19. Mannix, E., & Neale, M. A. (2005). What differences make a difference? The promise and reality of diverse teams in organizations. Psychological science in the public interest, 6(2), 31–55

    Article  Google Scholar 

  20. Michigan, U. o. (2016). Results of the 2016 University of Michigan Faculty Campus Climate Survey on Diversity, Equity and Inclusion. Retrieved from

  21. Offermann, L. R., & Malamut, A. B. (2002). When leaders harass: The impact of target perceptions of organizational leadership and climate on harassment reporting and outcomes. Journal of Applied Psychology, 87(5), 885

    Article  Google Scholar 

  22. Payne, B. K., Vuletich, H. A., & Lundberg, K. B. (2017). The bias of crowds: How implicit bias bridges personal and systemic prejudice. Psychological Inquiry, 28(4), 233–248

    Article  Google Scholar 

  23. Pololi, L. H., & Jones, S. J. (2010). Women faculty: an analysis of their experiences in academic medicine and their coping strategies. Gender medicine, 7(5), 438–450

    Article  Google Scholar 

  24. QuickFacts. (2010). US Census Bureau. Internet Website: http://quickfacts.census.gov.

  25. Rudman, L. A. (2004). Social justice in our minds, homes, and society: The nature, causes, and consequences of implicit bias. Social Justice Research, 17(2), 129–142

    Article  Google Scholar 

  26. Sabharwal, M., & Corley, E. A. (2009). Faculty job satisfaction across gender and discipline. The Social Science Journal, 46(3), 539–556

    Article  Google Scholar 

  27. Schneider, K. T., Swan, S., & Fitzgerald, L. F. (1997). Job-related and psychological effects of sexual harassment in the workplace: empirical evidence from two organizations. Journal of Applied Psychology, 82(3), 401

    Article  Google Scholar 

  28. Seibert, S. E., Silver, S. R., & Randolph, W. A. (2004). Taking empowerment to the next level: A multiple-level model of empowerment, performance, and satisfaction. Academy of management Journal, 47(3), 332–349

    Google Scholar 

  29. Singh, J. P., Grann, M., & Fazel, S. (2013). Authorship bias in violence risk assessment? A systematic review and meta-analysis. Plos one, 8(9), e72484

    Article  Google Scholar 

  30. US Department of Education (2018). Total fall enrollment in degree-granting postsecondary institutions, by level of enrollment, sex, attendance status, and age of student: 2013, 2015, and 2017 (Table 303.45).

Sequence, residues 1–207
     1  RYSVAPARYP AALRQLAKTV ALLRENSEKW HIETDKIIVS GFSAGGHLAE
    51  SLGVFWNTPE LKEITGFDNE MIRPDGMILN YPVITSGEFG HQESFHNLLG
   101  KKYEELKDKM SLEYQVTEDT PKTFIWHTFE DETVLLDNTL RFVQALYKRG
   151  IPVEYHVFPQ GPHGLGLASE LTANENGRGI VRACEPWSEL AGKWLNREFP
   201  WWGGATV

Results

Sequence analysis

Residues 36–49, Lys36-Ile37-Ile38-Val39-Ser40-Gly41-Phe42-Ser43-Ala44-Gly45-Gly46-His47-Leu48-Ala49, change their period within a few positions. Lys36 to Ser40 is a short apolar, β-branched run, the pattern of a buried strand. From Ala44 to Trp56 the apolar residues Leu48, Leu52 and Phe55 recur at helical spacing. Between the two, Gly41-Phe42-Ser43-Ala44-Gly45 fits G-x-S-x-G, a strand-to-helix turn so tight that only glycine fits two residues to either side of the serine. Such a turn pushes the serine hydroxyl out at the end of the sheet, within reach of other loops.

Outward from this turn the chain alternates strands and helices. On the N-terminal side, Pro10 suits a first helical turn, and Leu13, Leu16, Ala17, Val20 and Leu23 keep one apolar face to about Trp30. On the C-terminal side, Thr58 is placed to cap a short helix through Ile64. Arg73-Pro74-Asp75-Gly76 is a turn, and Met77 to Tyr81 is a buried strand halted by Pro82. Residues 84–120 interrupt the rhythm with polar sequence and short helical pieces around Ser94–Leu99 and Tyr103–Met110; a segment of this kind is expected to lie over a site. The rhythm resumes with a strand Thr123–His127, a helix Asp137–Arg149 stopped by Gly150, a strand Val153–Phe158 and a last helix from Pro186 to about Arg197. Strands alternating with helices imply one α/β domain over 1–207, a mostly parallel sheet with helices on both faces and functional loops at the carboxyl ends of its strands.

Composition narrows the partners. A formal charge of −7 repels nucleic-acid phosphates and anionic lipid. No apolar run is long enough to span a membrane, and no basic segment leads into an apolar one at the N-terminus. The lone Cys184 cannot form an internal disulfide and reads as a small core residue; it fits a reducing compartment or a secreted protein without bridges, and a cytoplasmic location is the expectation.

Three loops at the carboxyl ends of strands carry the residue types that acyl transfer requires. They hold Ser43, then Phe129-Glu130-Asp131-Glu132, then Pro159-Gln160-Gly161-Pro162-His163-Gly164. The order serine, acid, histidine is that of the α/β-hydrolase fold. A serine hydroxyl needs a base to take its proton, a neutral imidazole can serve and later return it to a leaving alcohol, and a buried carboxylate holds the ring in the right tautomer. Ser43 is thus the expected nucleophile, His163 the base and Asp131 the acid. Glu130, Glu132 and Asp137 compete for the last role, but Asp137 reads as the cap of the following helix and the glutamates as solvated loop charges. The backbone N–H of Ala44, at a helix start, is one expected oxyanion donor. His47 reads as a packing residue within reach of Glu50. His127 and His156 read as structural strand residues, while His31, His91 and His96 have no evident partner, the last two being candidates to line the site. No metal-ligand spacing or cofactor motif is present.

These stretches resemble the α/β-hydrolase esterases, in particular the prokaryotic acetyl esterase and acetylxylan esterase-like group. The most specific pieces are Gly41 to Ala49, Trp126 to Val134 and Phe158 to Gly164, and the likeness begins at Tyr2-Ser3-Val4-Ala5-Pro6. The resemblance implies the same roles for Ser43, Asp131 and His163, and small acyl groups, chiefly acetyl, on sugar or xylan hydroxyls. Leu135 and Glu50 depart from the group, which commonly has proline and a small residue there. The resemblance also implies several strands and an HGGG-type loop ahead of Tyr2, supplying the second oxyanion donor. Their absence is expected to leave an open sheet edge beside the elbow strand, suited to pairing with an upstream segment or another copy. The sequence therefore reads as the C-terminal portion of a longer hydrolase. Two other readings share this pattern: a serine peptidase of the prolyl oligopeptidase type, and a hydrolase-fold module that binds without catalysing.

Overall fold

31. US News and World Report. (2019). 2019 Best Business Schools.

  32. Vesterlund, L., Babcock, L., Recalde, M., & Weingard, L. (2017). Gender differences in accepting and receiving requests for non-promotable tasks. American Economic Review, 107(3), 714–747

    Article  Google Scholar 

  33. Wagar, T. H. (1997). Is labor-management climate important? Some Canadian evidence. Journal of Labor Research, 18(1), 163–174

    Article  Google Scholar 

  34. Williams, D. A., Berger, J. B., & McClendon, S. A. (2005). Toward a model of inclusive excellence and change in postsecondary institutions. Association of American Colleges and Universities

Download references

Acknowledgements

The authors would like to thank Linda Babcock, Rosalind Chow, and Donna Hoffman, for their feedback on the climate survey instrument. The authors would like to further thank Susan Fournier, Stefanie Johnson, and Punam Keller for their participation in a panel discussion at the 2019 Annual Meeting of the Association for Consumer Research regarding preliminary results of this climate survey.

Funding

The Wharton School at the University of Pennsylvania underwrote some travel expenses for a workshop at the 2019 ACR Annual Conference which featured these data. They also provided funds to hire the programmer who put together the interactive visualization provided herein.

Author information

Affiliations

Authors

Contributions

Both authors contributed to the study conception and questionnaire design. Data collection and analysis were performed by Jeff Galak. The first draft of the manuscript was written by Jeff Galak and both authors commented on revisions and approved the final manuscript.

Corresponding author

Correspondence to Jeff Galak.

Ethics declarations

Conflict of interest

The authors declare no competing interests.

Additional information

Publisher's Note

Springer Nature remains neutral with regard to jurisdictional claims in published maps and institutional affiliations.

Electronic supplementary material

Below is the link to the electronic supplementary material.

Supplementary file1 (DOCX 16 KB)

Appendix

Appendix

Fig. 10
figure10

Screenshot of visualization (found at http://jeffgalak.com/climatesurvey/

Rights and permissions

Reprints and Permissions

About this article

Verify currency and authenticity via CrossMark

Cite this article

Galak, J., Kahn, B.E. 2019 Academic Marketing Climate Survey: motivation, results, and recommendations. Mark Lett (2021). https://doi.org/10.1007/s11002-021-09569-5

Download citation

Keywords

  • Climate survey
  • Discrimination
  • Equity
  • Inclusion